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SLIDER: 1907 Buicks

The three cars in our Slider are two Buick 18-h.p. twin-cylinder cars in front and a 24-h.p. four-cylinder behind them. They were taking part in a run of the Motor Club from London to Brighton and back.  Mr. F. Eason is at the wheel of the first car, and Mr. John L. Poole of the second.

Buick is one of the oldest automobile brands in the world and is currently the oldest in the United States. The first two Buick motor cars were made in 1899 and 1900 at the “Buick Auto-Vim and Power Company” by chief engineer Walter Marr, but the company owner David Dunbar Buick was reluctant to begin making cars, being satisfied with stationary and marine engine production. Buick eventually relented and in 1904 his company, now called the “Buick Motor Company”, moved from Detroit to Flint, Michigan, and produced their opposed-piston two-cylinder car with patented overhead valve operation, the Model B. 37 Buick cars were made that year, while lack of capital forced them to bring in William C. Durant as a controlling investor, also in 1904. Durant spent the next four years turning Buick into the biggest-selling automobile brand in the US: in 1908 the company built 8,800 cars, placing Buick in the top spot in the USA ahead of Ford, Maxwell and Olds Motor Works. David Buick sold his stock upon departure in 1906, making him a wealthy man, but he died in modest circumstances 25 years later. In 1908 Durant founded General Motors, with Buick becoming a major part of the group. Durant’s stroke of genius as a promoter was to stop GM’s companies competing against each other. He therefore positioned Buick just below Cadillac. To save on resources, Buick vehicles shared a common platform, called the GM A platform, with Chevrolet, Oakland, Oldsmobile and Cadillac.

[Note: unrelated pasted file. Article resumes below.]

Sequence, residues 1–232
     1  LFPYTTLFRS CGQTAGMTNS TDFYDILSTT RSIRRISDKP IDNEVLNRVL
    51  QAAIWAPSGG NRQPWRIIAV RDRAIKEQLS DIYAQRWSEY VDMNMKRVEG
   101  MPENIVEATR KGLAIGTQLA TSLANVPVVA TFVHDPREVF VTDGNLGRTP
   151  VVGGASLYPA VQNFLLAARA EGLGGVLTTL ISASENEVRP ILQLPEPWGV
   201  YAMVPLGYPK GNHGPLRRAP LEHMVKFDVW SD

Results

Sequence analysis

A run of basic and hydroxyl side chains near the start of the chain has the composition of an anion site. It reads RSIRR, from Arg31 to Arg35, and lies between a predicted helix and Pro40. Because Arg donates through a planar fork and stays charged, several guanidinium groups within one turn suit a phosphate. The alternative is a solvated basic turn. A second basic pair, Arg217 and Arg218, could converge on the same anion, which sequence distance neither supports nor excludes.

The early success of Buick is attributed mainly to that patented overhead-valve engine. The exact model number of the two front cars in our Slider is not known, but as they are OHV flat-twins, having the same power train and chassis architecture introduced on the Model B, they are almost certainly Model F cars, a model that was built from 1906 to 1909.

The first full-sized Buick to join the smaller Model B was the Model D, introduced in 1907 with a four-cylinder 4,178cc T-head engine, installed in the front with rear-wheel drive. This was one of the only cars with side valves that Buick ever made. The third car in our Slider, the four-cylinder, is therefore most probably a Model D.

Image courtesy of The Richard Roberts Archive:

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